THE UCI Cycling World Championships were simply dazzling.

Over 11 days, a million people roared on competitors around Scotland. So many iconic sporting moments will be remembered on courses which were a stunning showcase of what Scotland has to offer.

It was wonderful to see the men's road race go over the Clackmannanshire Bridge and to see the Ochils on TV.

The "Power of the Bike" was the championship's headline and it lived up to all expectations, powering up tourism and getting unprecedented global coverage.

There was something special about the feel of all the events I attended. Thousands of avid cycling fans from across the world were brought together with huge numbers of folk who were just inspired by what was happening right on their doorstep.

Many visitors I spoke to said they will be coming back to Scotland again to explore our country.

But what will the long term legacy from the championships will be? Do major sporting events really encourage active healthy lifestyles?

Previous cycling championships around the world have seen the image of cycling improve and better elite sports facilities built.

However, that hasn't always translated into people getting on their bikes to head to work or the shops. Can the world championships leave a better legacy this time?

The Scottish Government has already established the £8million Cycling Facilities Fund that's putting in place some great projects on the ground.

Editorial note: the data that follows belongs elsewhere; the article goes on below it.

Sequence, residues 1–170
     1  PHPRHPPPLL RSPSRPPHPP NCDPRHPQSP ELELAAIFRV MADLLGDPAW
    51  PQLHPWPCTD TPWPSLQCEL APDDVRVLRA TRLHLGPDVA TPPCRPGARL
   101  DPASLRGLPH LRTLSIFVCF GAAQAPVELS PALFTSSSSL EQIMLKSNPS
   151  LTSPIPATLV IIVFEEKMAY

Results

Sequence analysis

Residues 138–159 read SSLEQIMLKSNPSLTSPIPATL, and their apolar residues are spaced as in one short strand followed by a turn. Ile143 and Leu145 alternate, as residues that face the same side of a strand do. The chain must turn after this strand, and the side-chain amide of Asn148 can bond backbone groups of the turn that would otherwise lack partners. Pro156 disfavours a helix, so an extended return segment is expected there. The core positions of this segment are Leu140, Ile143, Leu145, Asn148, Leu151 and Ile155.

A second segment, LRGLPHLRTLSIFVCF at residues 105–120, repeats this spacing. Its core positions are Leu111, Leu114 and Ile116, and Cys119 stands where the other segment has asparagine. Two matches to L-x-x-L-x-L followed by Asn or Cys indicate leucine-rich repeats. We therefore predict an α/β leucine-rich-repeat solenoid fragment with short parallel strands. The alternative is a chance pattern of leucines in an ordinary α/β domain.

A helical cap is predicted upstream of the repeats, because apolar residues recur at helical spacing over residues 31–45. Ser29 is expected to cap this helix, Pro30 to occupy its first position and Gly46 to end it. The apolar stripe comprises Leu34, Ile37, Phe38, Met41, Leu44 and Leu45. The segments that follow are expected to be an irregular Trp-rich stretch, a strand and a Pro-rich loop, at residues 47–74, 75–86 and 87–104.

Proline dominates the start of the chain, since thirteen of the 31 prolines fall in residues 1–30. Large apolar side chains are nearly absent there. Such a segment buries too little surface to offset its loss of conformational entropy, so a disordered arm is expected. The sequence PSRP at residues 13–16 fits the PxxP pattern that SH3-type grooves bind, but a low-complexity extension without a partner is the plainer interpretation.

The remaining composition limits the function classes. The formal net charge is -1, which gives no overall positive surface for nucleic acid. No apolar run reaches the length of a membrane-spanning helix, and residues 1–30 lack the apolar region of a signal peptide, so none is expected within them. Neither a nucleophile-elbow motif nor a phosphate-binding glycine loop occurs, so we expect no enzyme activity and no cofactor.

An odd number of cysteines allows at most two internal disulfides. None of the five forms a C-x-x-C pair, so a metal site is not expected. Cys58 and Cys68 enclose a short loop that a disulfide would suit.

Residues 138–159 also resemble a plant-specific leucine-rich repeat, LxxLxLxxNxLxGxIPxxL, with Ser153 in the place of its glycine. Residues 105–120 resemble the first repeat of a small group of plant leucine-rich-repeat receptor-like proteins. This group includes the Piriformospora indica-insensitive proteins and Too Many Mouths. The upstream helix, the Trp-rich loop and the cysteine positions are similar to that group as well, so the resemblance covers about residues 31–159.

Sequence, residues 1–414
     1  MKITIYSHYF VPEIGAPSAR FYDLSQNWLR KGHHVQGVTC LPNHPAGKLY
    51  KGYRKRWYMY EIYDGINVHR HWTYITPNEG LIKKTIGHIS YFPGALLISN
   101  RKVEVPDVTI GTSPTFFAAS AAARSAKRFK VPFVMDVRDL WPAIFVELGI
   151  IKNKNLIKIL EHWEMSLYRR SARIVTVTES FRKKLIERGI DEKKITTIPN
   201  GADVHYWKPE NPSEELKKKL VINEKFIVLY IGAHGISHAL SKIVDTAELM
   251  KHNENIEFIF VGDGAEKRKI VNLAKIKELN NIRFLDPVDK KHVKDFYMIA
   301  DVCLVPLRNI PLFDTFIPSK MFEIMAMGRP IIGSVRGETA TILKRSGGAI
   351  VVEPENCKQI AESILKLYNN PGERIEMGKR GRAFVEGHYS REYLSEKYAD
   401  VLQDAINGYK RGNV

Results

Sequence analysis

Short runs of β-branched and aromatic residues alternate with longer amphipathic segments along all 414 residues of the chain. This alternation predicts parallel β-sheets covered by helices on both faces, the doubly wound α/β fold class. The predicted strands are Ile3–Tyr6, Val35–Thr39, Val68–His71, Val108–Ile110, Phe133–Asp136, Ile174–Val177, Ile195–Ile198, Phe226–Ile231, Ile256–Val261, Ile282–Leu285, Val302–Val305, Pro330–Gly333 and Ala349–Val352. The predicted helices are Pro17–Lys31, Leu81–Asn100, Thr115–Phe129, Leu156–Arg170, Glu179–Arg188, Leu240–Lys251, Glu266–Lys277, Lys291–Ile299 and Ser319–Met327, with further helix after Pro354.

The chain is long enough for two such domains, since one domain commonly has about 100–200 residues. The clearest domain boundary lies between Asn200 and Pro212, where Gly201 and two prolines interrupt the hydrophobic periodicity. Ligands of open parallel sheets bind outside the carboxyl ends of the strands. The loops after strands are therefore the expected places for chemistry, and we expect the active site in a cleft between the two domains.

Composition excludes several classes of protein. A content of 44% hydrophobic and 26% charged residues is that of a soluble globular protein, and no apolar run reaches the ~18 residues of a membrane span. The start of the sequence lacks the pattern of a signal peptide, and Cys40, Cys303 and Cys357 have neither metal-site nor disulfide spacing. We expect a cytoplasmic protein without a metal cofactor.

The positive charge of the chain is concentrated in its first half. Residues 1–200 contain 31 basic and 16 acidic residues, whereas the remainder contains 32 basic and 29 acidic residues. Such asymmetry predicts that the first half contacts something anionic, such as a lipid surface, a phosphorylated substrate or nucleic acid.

Pump tracks around the country in particular are springing up, including in rural communities. Pump tracks are important facilities not just to learn to ride and develop bike handling skills, they are also good sociable spaces for young people to hang out.

An additional £1.4m has funded 42 community run events across Scotland that celebrate the Power of the Bike, helping councils push on with their cycle promotion work.

Meanwhile, another £3.9m has been targeted at programmes to help people access bikes, get skills training, set up community bikeshare schemes and target improvements for cycle facilities at railway stations.

However, creating a legacy will take more than short term funding, it's got to be part of a major shift in transport policy to make cycling accessible for everyone.

With Greens working in government, Scotland is now turning the corner, growing cycle investment to 10 per cent of the total transport budget.

Changes such as 20mph speed limits, a ban on pavement parking and even Low Emission Zones can help make our streets more friendly for walking, cycling and wheeling.

Councils now need to push on with their plans.

Maybe these championships have shown how our cities, towns and villages can be re-designed to put crowds of people and bikes first and turn the car into the guest, that would be a true lasting legacy.

We still have a long way to go to make Scotland a cycling nation, but the world champs has raised up the status of cycling, it's now up to all decision makers to seize the moment.